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Ekaterina Likhtik

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HomeFacultyEkaterina Likhtik

One of the basic questions in neuroscience is understanding how external stimuli are integrated with such dynamic internal states of the brain as fluctuating levels of anxiety. Deciphering the nature of these interactions and their effect on learning and memory is vital for understanding psychiatric disorders and complex cognition. In the Likhtik lab, we combine ideas from learning theory and neuroscience to study circuit-level mechanisms of learning, such as cortical-subcortical communication and the dialogue between excitatory and inhibitory neurons in different internal states. We focus our efforts on interactions between the amygdala, an important center for processing fear and safety information, with structures such as the basal forebrain and the prefrontal cortex. To probe circuit function we use multi-site recordings, optogenetics, pharmacology, anatomical and computational approaches that together highlight how neural communication is altered by anxiety. We study different kinds of learning (by using paradigms that include classical and operant conditioning, learned safety, extinction, fear generalization) as well as innate exploration of safe and aversive environments. Many of these paradigms model the behavior seen in human Anxiety Disorders such as Post Traumatic Stress Disorder (PTSD) and Generalized Anxiety Disorder (GAD).

Representative Publications

  • Cambiaghi M., Grosso A., Likhtik E., Mazziotti R., Concina G., Renna A., Sacco T., Gordon J.A., Sacchetti B. (2016) Higher order sensory cortex selectively drives basolateral amygdala activity during the recall of remote, but not recent, learned fearful memories. Journal of Neuroscience, 36(5):1647-1659.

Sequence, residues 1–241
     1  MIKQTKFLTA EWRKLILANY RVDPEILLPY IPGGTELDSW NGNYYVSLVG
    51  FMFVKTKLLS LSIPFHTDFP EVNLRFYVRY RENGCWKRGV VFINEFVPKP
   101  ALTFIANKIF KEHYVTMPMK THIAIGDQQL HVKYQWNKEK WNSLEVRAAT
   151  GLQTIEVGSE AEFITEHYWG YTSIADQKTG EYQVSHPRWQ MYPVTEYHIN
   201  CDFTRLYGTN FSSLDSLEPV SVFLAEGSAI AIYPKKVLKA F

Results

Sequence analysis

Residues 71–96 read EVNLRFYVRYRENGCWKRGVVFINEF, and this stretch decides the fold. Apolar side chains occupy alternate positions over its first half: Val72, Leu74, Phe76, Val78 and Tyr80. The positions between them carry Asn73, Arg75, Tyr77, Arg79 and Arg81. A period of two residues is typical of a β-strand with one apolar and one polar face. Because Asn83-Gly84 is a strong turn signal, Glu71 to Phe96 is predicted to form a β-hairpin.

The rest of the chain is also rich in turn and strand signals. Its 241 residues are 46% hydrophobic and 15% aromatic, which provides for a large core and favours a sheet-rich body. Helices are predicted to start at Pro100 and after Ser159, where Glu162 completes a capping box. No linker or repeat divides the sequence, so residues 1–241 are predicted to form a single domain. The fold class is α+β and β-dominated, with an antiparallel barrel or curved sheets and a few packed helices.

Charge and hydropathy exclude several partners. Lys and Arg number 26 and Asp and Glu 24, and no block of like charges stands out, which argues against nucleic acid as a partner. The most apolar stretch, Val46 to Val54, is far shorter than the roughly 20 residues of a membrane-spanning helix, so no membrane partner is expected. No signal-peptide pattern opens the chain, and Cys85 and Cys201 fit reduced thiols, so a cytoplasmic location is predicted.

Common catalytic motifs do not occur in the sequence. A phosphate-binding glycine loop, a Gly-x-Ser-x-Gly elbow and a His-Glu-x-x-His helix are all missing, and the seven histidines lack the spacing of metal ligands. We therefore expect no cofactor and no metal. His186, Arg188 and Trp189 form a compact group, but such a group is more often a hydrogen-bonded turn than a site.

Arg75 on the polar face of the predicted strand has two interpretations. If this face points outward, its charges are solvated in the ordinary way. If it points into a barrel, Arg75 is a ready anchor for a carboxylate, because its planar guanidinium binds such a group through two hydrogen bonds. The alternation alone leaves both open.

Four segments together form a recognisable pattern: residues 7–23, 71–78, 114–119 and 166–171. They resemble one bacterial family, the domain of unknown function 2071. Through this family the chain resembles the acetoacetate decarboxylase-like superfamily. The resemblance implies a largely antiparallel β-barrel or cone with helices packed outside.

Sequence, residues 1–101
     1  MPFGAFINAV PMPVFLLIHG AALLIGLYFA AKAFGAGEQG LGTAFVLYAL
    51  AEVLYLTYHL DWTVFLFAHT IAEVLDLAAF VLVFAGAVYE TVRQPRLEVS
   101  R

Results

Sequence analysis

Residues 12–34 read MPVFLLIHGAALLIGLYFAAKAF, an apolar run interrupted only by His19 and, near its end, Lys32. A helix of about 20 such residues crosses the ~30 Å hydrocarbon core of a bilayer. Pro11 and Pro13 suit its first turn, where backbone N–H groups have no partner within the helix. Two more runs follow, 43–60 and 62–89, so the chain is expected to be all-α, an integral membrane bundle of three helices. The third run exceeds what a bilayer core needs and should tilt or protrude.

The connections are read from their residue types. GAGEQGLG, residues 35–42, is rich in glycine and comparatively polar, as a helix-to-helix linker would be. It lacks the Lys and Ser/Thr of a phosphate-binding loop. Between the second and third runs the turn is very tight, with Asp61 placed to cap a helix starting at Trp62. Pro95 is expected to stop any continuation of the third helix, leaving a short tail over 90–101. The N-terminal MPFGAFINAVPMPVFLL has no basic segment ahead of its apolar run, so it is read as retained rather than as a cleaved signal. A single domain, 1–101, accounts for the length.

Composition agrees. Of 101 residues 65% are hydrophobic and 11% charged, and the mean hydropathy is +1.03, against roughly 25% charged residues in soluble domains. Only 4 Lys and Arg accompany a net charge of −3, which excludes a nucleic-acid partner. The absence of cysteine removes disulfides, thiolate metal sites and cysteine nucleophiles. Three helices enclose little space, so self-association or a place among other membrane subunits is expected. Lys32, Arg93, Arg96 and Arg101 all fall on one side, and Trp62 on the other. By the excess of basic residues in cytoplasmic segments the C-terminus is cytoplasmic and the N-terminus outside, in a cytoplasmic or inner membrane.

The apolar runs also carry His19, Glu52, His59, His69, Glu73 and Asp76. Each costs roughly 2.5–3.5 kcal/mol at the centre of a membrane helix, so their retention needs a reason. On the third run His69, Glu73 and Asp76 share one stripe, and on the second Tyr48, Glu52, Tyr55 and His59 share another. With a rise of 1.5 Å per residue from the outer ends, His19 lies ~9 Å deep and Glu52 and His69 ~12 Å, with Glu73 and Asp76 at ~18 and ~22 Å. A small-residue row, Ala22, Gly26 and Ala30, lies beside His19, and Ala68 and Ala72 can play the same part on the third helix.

• Likhtik E., Paz R. (2015) The amygdala and prefrontal cortex in (mal)adaptive learning. Trends in the Neurosciences, 38:158-166.
  • Gore F., Schwartz E.C., Brangers B., C., Aladi S., Stujenske J.M., Likhtik E., Russo M.J., Gordon J.A., Salzman C.D., Axel R. (2015) Neural representations of unconditioned stimuli in basolateral amygdala mediate innate and learned responses. Cell, 162(1):134-145.
  • Stujenske J.M., Likhtik E., Topiwala M.A., Gordon J.A. (2014) Fear and safety engage competing patterns of theta-gamma coupling in the basolateral amygdala. Neuron, 83(4):919-933.
  • Likhtik E., Stujenske J.M., Topiwala M.A., Harris AZ Gordon J.A. (2014). Prefrontal entrainment of amygdala activity signals safety in learned fear and innate anxiety. Nature Neuroscience, 17(1):106-113.
  • Likhtik E., Popa D., Apergis-Schoute J., Fidacaro G.A., Paré D. (2008) Amygdala intercalated neurons are required for expression of fear extinction. Nature, 454(7204):642-645.
  • Likhtik E., Pelletier J.G., Paz R., Paré D. (2005) Prefrontal control of amygdala. Journal of Neuroscience, 25(32):7429-7437.
  • Quirk G.J., Likhtik E., Pelletier J.G., Paré D. (2003) Stimulation of medial prefrontal cortex decreases the responsiveness of central amygdala output neurons. Journal of Neuroscience, 23(25):8800-7. Recommended by Faculty of 1000.